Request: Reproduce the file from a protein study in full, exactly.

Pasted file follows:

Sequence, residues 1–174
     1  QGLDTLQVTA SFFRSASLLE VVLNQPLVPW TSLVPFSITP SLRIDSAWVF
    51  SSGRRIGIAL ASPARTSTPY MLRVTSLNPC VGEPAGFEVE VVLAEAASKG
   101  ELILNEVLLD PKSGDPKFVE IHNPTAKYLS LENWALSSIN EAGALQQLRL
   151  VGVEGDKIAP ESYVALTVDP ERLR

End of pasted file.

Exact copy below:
Sequence, residues 1–174
     1  QGLDTLQVTA SFFRSASLLE VVLNQPLVPW TSLVPFSITP SLRIDSAWVF
    51  SSGRRIGIAL ASPARTSTPY MLRVTSLNPC VGEPAGFEVE VVLAEAASKG
   101  ELILNEVLLD PKSGDPKFVE IHNPTAKYLS LENWALSSIN EAGALQQLRL
   151  VGVEGDKIAP ESYVALTVDP ERLR